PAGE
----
WEEK 8 COSPLAY
- In what ways can cosplay be understood in terms of notions such as affect, transportation, transubstantiation and mediated fantasy?
The word “cosplay” was coined in the eighties to describe the activity of “costume role-play” (Mountfort et al, 2018). On its most basic level, this involves dressing up as a character then pretending to be them.
Although cosplaying began in America at sci-fi conventions, it was in Japan where it really took off and developed into a major subculture. It is no surprise many costumes worn by cosplayers are from Japanese characters, most notably from anime, manga and video games (Mountfort et al, 2018).
Once a cosplayer dons their costume, they adopt the personalities of the characters they are portraying. In this way they are actors, they are performers, and when a camera is pointed at them, they are models. Those who make their own costumes could be regarded as fashion designers, tailors, painters or even sculptors.
Cosplayers commonly reference their chosen source texts, regarded as a form of citation which can be either ‘direct imitation’ and ‘textual transformations.’ The former a faithful representation of the parent text and the latter is a contrast, fidelity (Mountfort et al, 2018).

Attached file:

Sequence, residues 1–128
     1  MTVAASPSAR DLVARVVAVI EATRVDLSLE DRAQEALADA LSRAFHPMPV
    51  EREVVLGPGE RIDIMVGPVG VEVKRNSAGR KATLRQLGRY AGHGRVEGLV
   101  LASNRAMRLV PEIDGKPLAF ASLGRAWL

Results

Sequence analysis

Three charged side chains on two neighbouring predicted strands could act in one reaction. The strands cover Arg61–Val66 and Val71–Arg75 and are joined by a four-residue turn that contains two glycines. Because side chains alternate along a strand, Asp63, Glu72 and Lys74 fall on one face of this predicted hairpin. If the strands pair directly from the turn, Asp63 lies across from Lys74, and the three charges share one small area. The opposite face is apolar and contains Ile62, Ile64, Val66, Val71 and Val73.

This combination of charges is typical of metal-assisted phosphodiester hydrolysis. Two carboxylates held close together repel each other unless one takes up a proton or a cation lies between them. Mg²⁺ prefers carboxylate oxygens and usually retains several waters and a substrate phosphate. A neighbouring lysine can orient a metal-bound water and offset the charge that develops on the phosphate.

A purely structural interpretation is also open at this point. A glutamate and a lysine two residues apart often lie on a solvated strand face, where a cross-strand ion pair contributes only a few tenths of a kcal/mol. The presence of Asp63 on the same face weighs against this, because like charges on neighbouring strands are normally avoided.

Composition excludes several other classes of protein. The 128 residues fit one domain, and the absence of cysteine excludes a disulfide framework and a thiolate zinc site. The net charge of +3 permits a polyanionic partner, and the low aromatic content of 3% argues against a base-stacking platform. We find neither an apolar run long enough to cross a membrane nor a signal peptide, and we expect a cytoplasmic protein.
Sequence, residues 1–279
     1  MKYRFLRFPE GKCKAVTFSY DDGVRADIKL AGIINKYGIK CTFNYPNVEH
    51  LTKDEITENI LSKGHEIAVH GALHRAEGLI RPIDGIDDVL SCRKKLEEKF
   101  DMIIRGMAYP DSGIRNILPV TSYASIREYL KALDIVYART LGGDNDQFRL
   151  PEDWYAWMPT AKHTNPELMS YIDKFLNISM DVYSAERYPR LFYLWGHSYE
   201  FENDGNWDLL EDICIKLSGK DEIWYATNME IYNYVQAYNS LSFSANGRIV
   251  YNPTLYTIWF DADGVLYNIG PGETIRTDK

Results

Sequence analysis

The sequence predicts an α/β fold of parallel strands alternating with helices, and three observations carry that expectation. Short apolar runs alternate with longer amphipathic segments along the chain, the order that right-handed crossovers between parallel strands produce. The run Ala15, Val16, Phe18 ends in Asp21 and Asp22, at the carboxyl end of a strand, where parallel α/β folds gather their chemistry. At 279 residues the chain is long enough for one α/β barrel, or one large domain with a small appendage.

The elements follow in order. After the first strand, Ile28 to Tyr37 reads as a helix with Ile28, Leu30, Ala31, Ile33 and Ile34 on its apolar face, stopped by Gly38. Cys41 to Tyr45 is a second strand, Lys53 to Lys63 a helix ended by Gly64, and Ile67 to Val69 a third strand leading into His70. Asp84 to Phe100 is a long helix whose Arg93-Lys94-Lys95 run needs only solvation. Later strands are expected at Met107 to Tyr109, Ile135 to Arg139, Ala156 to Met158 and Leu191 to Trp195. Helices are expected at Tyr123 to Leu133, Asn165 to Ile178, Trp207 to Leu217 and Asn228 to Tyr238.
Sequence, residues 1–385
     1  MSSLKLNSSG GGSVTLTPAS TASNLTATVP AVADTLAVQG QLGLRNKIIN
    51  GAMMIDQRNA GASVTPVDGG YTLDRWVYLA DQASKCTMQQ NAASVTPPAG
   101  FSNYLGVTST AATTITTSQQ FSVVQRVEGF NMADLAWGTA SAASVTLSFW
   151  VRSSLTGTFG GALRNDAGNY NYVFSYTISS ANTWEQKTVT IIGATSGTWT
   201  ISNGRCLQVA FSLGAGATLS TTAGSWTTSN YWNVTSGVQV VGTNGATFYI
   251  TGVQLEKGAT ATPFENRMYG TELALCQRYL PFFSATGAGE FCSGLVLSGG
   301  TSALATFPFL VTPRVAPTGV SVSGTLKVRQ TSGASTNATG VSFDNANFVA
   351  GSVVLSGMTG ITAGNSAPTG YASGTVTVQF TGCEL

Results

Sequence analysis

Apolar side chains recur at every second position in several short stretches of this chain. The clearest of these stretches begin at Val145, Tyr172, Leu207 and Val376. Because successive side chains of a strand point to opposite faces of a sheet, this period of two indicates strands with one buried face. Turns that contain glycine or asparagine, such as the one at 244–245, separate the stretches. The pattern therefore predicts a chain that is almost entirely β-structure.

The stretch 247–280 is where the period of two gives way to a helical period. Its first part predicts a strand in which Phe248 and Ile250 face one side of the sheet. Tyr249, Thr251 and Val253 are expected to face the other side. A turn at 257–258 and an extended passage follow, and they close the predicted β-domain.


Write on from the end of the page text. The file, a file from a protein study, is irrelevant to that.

Beyond the social dimension of meeting new people and making friends, cosplayers who don a costume can forget about their regular lives and become someone else, if only for a day. They can transform into someone powerful and exciting, sexy and alluring or just cute and quirky. No matter what the attributes of the character they are playing, the process of adopting an alter-ego is described as mediated fantasy.
The translation of such archetypal figures onto actual bodies becomes a kind of
transubstantiation, in that Domsch suggests that ‘the “thing” that can be transported from one medium to another’ is the ‘mental construct that we call a narrative storyworld and its existents (Mountfort et al, 2018).
This transportation of a particular sense of attaching intensities of feeling to fictional characters, leading to a desire to transcend mere reading and watching, can be described as an affect, the term referring here not just to the feelings provoked by cosplay but an intense corporeal response (Mountfort et al, 2018).
Those who are shy can tap into the strength of their character and completely come out of their shell. The simple act of wearing a costume can infuse the cosplayer with a level of energy and confidence which is greatly empowering.
Plenty of cosplayers are not shy, extraverted and cosplay gives them the perfect excuse to let their true selves come to the surface. Although they may be confident and charismatic before they don their costume, cosplaying allows them the freedom to take their passions to a greater level of self-expression.
Cosplaying can also make a person feel special. Dressing up in a stunning costume and having crowds of admirers showering them with compliments has obvious appeal. The encircling photographers and eager fans can make cosplayers feel like celebrities.
Mountfort, P., Peirson-Smith, A., & Geczy, A. (2018). Planet cosplay: Costume play, identity and global fandom. Intellect Bristol,UK/Chicago, USA